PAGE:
• Nuclear reactors generate close to one-third of the world’s carbon free electricity and are crucial in meeting climate change goals.
    • Most importantly, nuclear power has the capacity to supply uninterrupted energy irrespective of geographical constraints making it a crucial component of the wider renewable energy mix. 
    • Nuclear power plants (NPP) also have low operating costs, smaller land imprint and a longer life cycle compared to all the other renewable energy sources.
    •  It enhance energy security and boost economic development
    Recent Developments 

    – Recent developments in nuclear technology including Small Modular Reactors (SMR), radiation proofing in existing plants, and extended fuel cycles, have the potential to substantially mitigate nuclear-related risks. 
    – The role of technical advancements in reducing carbon emissions is highlighted by an IAEA study, which predicts that while existing technologies will play a significant role, by 2050, half of carbon reductions will come from technologies currently in the prototype stage.
    – There are 440 nuclear reactors in the world, accounting for a quarter of the world’s low-carbon energy. 
    A. The number of nuclear reactors is increasing, with 60 reactors under construction and 110 in the planning stage, most being in Asia, particularly China, which is soon to overtake the U.S. and the nuclear giant France. 
    • An uncontrolled nuclear reaction in a nuclear reactor could result in widespread contamination of air and water. 
    • However, in spite of technical advancements, Multilateral Development Banks (MDBs) and private investors have not made any significant contribution to the industry. 
    • The World Bank has not provided financing for a nuclear project since its $40 million loan to Italy in 1959.
    • The operation of nuclear power plants produces waste with varying levels of radioactivity.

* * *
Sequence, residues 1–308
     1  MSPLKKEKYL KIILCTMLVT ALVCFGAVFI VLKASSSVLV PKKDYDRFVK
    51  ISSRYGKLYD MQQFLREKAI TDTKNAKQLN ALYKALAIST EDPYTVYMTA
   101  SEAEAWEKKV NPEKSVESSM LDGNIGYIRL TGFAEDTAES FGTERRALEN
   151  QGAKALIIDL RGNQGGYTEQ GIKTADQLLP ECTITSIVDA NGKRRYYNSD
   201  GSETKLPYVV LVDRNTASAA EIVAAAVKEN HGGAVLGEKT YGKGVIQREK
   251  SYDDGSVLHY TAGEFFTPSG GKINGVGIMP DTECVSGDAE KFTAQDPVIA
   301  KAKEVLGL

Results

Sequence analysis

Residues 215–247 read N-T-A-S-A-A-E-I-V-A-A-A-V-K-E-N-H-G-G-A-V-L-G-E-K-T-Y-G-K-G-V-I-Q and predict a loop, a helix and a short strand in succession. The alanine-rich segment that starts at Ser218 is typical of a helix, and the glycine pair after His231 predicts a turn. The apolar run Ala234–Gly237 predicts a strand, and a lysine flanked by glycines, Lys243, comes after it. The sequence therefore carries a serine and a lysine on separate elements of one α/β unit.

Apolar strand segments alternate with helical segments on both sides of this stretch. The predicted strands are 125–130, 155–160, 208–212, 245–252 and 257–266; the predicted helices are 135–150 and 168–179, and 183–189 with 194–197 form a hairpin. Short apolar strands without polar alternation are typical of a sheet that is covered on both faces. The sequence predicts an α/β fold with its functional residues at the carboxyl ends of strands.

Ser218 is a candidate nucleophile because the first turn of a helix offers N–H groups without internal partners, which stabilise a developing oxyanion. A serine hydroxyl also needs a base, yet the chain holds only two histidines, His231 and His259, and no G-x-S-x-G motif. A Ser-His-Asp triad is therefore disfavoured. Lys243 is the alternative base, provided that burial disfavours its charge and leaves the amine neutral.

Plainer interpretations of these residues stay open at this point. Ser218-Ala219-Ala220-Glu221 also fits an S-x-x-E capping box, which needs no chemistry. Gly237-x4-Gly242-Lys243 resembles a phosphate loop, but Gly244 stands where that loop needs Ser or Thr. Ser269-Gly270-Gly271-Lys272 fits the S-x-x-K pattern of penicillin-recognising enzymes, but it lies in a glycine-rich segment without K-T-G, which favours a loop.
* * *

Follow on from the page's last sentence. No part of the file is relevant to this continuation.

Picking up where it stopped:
• India’s first commercial NPP in Pahalgarh, Tarapur offers reliable energy at 2/kWh lower than solar power tariffs. 
    • At Kudankulam, Tamil Nadu, a newer power plant offers electricity in the range of 4-6/kWh comparable to coal-fired thermal power plants.
    • Despite its versatile nature, nuclear power contributes only 1.6% of the total renewable energy mix in India.
      • Stigma, weaponization risk, radiation leak, regulation, high upfront cost, and long project overruns are the reasons for low adoption rate of nuclear energy.
    • The nuclear industry has been undergoing novel liberalisation, with ambitious plans for growth in India and abroad.
    • Beginning with the invitation of $26 billion in private investments, a phase-wise tripling of nuclear capacity from 7,480 MW to 22,480 MW by 2031-2032, and Prime Minister Modi’s attendance at the core loading of the Prototype Fast Breeder Reactor (PFBR) all mark a positive future for the industry.
      • The PFBR’s ability to generate fuel and power at the same time represents a significant advancement in India’s mostly self-reliant nuclear industry.
    • There is also  a pressing need to reassess nuclear financing policies of Multilateral Development Banks (MDBs) to accommodate private capital or blended finance models.
    • Financial creativity and market support with low interest rates can unravel the potential of nuclear energy at scale.
    • There are successful financial practices that can be replicated, for instance the cooperative funding models of France, South Korea, Russia, and the U.K. where a group of investors raise credit from the market and take full responsibility for project delivery. 


    Syllabus: GS3/Science and Technology


    • The European Central Bank, the Bank for International Settlements, the Bank of Spain, and the Bundesbank of Germany introduced Project Gaia.


    • Project Gaia aims to help analysts search corporate climate-related disclosures and extract data quickly and efficiently using artificial intelligence (AI).
    • The Project integrated Large Language Models (LLMs) into an application and leveraged it for data extraction. 

    Large Language Models (LLMs)

    • A large language model (LLM) is a type of artificial intelligence (AI) algorithm that uses deep learning techniques and massively large data sets to understand, summarize, generate and predict new content.
    • Deep learning involves the probabilistic analysis of unstructured data, which eventually enables the deep learning model to recognize distinctions between pieces of content without human intervention.

    Source: ET